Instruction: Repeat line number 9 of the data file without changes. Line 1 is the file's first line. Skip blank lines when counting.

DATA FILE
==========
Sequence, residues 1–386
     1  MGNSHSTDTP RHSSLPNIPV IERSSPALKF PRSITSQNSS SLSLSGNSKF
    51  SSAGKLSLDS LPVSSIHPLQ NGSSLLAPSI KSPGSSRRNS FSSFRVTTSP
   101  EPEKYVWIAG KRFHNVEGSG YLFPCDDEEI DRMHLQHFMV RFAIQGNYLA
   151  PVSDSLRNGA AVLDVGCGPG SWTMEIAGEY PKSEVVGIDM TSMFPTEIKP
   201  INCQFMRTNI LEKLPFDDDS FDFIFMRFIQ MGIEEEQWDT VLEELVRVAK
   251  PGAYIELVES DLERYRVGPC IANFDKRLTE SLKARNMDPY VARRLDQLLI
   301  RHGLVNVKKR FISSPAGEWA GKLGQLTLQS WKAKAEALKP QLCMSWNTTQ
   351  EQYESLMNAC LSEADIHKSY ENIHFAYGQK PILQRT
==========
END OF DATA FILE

   351  EQYESLMNAC LSEADIHKSY ENIHFAYGQK PILQRT